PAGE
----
As we come to the start of another decade on Tuesday night, the media is full of predictions of what the next ten years will bring. Such predictions cover everything from technology and its impact, to the economy, social impacts and even religion.
When you talk to people their view is often coloured by who they voted for in elections or Brexit, or even their age and education. For example, the remainers invariably predict total gloom and doom on the scale of the great depression. They predict the end of the world under the combined hosting of Trump and Johnson.
These people back up their arguments with intellectual rigour based on the established norms of the past, while at the same time making judgements on likely political achievements based on the persons public persona judged against their own moral code.
What these sages are not recognising is that the people that are putting them into power are the very people that have lost faith in politics run using the established norms. This is not only true in America and the UK, but can be seen in France, in Germany, in Hong Kong and in many other countries across the world.
What the conventional thinkers need to realise is that simply not liking the people’s choice, or denigrating it because it does not agree with their choice, is insufficient to bring about change.
I believe that one prediction for the next decade is one where the people will only respond to those that listen to them. For example, simply trying to rubbish Trump is not a winning platform for the Democrats in 2020 and failure to understand this will surely ensure a second term for Trump.
Equally, I would counsel against rubbishing the people that chose Boris Johnson in such large numbers until there is evidence that he is not doing what he said he would do, and one week into the job is probably insufficient information for the establishment supporters to make an educated assessment.
But, however, important politics may be, this rise in people deciding to be listened to rather than talked at is likely to become much stronger in the coming decade in many other walks of life. Once the genie is out of the bottle it is difficult to get it back in.
For example, expect a backlash against ‘woke’ attitudes in the next decade. The last few years has seen a massive rise in things that one cannot say or speak about. This has not only resulted in an attempt to rewrite or suppress history, but has started to seriously inhibit the right to freedom of speech.
Likewise, most people are getting fed up with being told what to do or think by ill-informed celebrities that seem to operate on the ‘don’t do as I do but do as I say’ principle! Don’t tell me to reduce my carbon footprint while you fly around the world in private jets and live in places with carbon footprints bigger that my street!
As far as work is concerned, we all realise that artificial intelligence and robotics will eliminate many jobs in the same way that electricity did away with the lamplighters and the alarm clock killed off the need for knockers up.
However, there will also be a plethora of new jobs created to develop these new applications and the entrepreneurs amongst us will be the ones that look to create new industries that will create roles we haven’t even thought of yet.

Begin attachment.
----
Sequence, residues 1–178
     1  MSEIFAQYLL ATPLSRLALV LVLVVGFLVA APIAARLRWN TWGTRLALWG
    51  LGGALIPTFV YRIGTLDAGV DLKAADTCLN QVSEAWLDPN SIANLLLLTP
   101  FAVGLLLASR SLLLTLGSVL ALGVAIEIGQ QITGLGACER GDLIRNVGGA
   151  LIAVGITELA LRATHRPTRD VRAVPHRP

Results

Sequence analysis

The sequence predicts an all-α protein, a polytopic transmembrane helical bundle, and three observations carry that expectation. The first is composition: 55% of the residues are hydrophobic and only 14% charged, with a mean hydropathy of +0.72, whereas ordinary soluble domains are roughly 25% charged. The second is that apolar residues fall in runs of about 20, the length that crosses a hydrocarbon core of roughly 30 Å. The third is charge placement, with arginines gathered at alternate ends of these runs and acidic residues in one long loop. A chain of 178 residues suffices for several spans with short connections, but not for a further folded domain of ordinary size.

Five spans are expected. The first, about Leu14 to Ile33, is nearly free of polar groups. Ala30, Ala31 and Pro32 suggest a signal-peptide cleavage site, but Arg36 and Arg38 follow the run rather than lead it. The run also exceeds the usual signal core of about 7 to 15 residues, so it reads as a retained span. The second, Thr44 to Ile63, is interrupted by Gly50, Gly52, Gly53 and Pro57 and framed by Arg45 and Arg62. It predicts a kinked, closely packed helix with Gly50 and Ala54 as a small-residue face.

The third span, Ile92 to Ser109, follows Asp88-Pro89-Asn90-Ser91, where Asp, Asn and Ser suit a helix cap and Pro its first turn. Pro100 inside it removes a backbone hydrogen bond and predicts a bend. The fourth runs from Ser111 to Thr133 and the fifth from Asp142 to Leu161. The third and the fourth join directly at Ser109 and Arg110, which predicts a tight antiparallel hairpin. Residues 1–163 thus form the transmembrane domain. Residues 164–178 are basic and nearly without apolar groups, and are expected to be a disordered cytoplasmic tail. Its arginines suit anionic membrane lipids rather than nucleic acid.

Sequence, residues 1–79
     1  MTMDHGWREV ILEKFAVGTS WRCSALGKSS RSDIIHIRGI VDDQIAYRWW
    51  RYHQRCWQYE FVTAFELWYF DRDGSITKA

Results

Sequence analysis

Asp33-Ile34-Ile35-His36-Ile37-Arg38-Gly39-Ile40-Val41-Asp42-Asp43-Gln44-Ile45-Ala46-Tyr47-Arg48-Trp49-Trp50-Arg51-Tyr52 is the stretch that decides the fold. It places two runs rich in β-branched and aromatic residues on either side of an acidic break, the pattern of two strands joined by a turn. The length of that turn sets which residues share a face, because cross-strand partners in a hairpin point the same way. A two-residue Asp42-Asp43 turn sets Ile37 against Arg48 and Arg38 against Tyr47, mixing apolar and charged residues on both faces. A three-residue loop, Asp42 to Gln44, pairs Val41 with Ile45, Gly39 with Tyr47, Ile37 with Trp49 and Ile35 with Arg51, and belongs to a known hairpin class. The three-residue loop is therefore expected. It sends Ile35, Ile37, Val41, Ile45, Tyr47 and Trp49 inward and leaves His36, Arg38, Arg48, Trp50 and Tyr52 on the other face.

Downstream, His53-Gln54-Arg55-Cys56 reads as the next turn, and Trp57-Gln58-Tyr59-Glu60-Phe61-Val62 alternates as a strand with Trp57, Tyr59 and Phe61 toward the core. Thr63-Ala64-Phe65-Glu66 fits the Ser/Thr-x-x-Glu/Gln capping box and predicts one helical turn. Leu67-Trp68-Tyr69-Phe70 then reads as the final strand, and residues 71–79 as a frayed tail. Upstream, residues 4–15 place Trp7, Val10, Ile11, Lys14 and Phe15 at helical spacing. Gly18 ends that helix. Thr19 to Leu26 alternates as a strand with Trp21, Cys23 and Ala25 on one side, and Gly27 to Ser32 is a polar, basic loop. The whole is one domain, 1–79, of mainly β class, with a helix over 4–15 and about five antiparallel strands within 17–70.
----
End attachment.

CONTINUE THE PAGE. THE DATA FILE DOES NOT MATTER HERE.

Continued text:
At the same time, big corporations will need to take react to the changes brought about by AI. If they are to survive in this new world of people power then they need to realise more of the same is insufficient for survival.
Simply replacing workers with computerisation is not enough. They need to find new business opportunities and that means releasing the entrepreneurs throughout the business. Encouragement and rewards for real entrepreneurship in all levels of the organisation is essential.
Yes the establishment will try and hold on to their safety first approach and their indexed linked pension, big business will try and play King Canute for the sharholders, and parents will still try and force feed academic studies to their children whist having no idea of the world they are preparing their children for.
But, in the same way that it is the ordinary people that chose politicians that they believed listened to them, it is these ordinary people, untainted by convention, who will come up with the entrepreneurial ways to solve the problems that the next decade will throw up, whether in climate change, in large corporations or everyday social environments.
So, I am not able to give such a definitive description of the next decade as the establishment hindered figures, but I do believe that there is a positive move towards the future by the real people of the world. They have always been able to rise to the challenges and there is every indication that they are beginning to revel in it.
In all my work I have always had a real faith in the young people that I work with and that faith has always been rewarded. So I have no reason to believe that this will change suddenly in the coming decade.
So my message to the establishment and the conventional critics who look to the past for their trend predictions is, ‘for those of you who say it cannot be done, please get out of the way of those of us who are doing it.